Since the beginning of the clinical trial of the prophylactic or adjuvant treatment of cancer, we have been searching for topical anticancer agents which were not bone-marrow depressants. Such agents could be used locally (topically) for wound irrigation to kill cancer cells but would not add to the depression of the hematopoietic system caused by concomitant systemic use of anticancer drugs, such as mechlorethamine hydrochloride, N. F. (nitrogen mustard). In the experimental laboratory we had found that mechlorethamine and triethylenethiophosphoramide (ThioTEPA), both polyfunctioning alkylating agents, were effective in preventing the implantation of tumors in the liver following intraportal injection of tumor-cell suspensions.1 As a result of this experimental work, we chose mechlorethamine as the agent to be used in the clinical trials of the administration of anticancer agents to the patient at the time of surgery. In other experimental work2 we had determined that mechlorethamine, when diluted properly,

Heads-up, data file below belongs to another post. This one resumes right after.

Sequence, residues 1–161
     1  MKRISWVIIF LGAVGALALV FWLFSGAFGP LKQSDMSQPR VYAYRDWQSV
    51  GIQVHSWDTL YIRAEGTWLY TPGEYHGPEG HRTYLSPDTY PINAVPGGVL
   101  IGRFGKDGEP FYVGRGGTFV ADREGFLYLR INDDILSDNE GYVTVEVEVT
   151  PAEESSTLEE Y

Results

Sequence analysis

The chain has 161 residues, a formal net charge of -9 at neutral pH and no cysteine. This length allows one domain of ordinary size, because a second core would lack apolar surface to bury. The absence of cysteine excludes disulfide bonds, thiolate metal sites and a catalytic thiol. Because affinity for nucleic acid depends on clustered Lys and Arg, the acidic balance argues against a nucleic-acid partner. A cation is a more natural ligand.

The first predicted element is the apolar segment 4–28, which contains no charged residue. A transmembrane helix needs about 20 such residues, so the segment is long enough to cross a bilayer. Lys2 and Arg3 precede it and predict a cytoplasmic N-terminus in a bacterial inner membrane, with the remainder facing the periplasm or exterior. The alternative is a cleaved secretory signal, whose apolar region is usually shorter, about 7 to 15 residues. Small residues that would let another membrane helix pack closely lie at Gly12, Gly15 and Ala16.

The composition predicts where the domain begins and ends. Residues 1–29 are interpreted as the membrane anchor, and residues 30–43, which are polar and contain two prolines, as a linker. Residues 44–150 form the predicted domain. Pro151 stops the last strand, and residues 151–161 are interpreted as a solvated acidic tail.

COLLIER RG, EY RC, McDONALD GO, COLE WH. Wound Irrigation to Prevent Local Recurrence of Cancer. AMA Arch Surg. 1959;78(4):528–534. doi:10.1001/archsurg.1959.04320040024008
Customize your JAMA Network experience by selecting one or more topics from the list below.
Create a personal account or sign in to: